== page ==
What can thrill us in a production a little while after the curtain rises?
At the start of a show, there’s inherent intrigue in finally beholding what we paid to watch; you never forget your first, am I right? But once this initial burst of excitement recedes, after the fun of being introduced to and (hopefully) becoming immersed in a new fictional world dissipates, what can keep us engaged and re-engaged in the remainder of the performance?
There are the typical answers — plot! acting! entertainment! contemplation! aesthetic awe! — and while they’re all well and fine, how about the theatrical minutiae? The micro moments and noticeable tics of theatricality that act as soldiers on the ground fighting the war to achieve those grandioser aims? The unexpected, smaller details that can give the audience a necessary jolt to power through and reinvest in the rest?
A textual example: nearing the final third of Cock, the audience is liable to believe that the bulk of the drama’s rising action is building to the climactic dinner party between the three leads. BUT, out of nowhere, a 4th character waltzes on, intimately related to the aforementioned trinity, but not someone we ever could’ve predicted to appear. As soon as he struts on stage, the play’s dramatic calculus immediately reshapes. The prospect of the trio’s imminent dinner was juicy enough; adding the father antes the stakes, and then doubles them down.
But again, this example is more of a narrative curveball.
On this current London trip of mine, I’ve been struck by how many productions provide this type of post-opening nudge through an expansion of the means of theatrical expression. As I always say, modifying the means of expression broadens the bounds of what can be expressed in and by the art (an artistic framework to which I subscribe: the what and the how are inextricably linked, an interplay at the heart of a meaningful work of art).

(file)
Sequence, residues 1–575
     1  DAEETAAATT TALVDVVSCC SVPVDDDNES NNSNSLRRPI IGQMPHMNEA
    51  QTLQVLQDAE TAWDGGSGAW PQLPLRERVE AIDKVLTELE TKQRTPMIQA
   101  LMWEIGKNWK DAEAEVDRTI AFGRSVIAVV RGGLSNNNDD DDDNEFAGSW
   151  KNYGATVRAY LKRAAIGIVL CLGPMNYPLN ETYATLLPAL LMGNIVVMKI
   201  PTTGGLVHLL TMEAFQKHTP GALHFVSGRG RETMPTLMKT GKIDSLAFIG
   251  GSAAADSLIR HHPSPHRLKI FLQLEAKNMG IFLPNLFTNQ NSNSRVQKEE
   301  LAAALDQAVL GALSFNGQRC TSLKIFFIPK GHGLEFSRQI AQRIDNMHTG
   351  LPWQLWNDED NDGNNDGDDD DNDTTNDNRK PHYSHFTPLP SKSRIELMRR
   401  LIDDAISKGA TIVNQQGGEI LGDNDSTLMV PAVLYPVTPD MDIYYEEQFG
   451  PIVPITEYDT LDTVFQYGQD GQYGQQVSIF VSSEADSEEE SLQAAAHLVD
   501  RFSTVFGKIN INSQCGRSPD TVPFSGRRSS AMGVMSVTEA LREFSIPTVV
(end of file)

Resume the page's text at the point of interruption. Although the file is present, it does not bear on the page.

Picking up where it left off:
And who better to show us the way than Marianne Elliott?
Returning to her Cock revival:
We spend most of its first scene acclimating to her interpretive blocking. As soon as we might have a grasp on this corporeal language, she thrusts a ringer into our interpretations: after observing the actors physically arranging and rearranging themselves (apter: their selves) the good-old fashioned way — one foot in front of the other — they freeze … but they don’t stay still. All of a sudden, the stage’s turntable revs into gear, moving the cast’s bodies against their will.
And let me tell you, my crowd gasped. This addition multiplies the possibilities for the production’s means of expression.
But maybe Marianne is an unfair standard to hold other mere mortals to. Some lesser instances:
The Southwark Playhouse’s revival of Anyone Can Whistle subtly pulls off a similar stunt. Near the end of Act 1, the formerly bare-bones set — it’s basically a short, flat runway — reveals an extra layer: a character lifts a trap door in the floor, and voila, a hitherto unseen section of the set is uncovered underneath! The show doesn’t do much with it, but our awareness of this potential for change could reinvigorate the audience’s interest, by increasing the theatrical scope of the production’s established contours.
Also, an unused potential to instill change, AND an unforeseen secret hiding below the ground?? Thematically relevant to the musical!
And then there’s Andrew Lloyd Webber’s fucking Cinderella. After slogging through the first act, us idiots who opted against bailing at intermission are treated to THE FIRST FIVE ROWS OF SEATS ROTATING AROUND THE STAGE.
Dramaturgically, this literal flight of fantastical spectacle envelops us in the dizzying, gleeful spinning of the hectic ballroom dance (kind of a famous set piece in the history of fairy tales, not sure if you’re familiar with it).
Practically, this shift affords the audience a differentiated perspective on the proceedings.
Truthfully, it’s Andrew Lloyd Webber shamelessly shilling his wares to get the audience buzzing (word of mouth, heard of it?). Anything for money, right Lord!
But the man understands down to his loins (or, down to the nonexistent bottoms of his wallet’s pockets) how to overflow his coffers, and his lifelong expertise in the trade convinced him that audiences need such shake-ups of theatricality to keep locked in. We’re a fickle bunch.
Luckily, other theatermakers figure out how to do so by plopping actual artistry into their previously-normalized theatrical equation.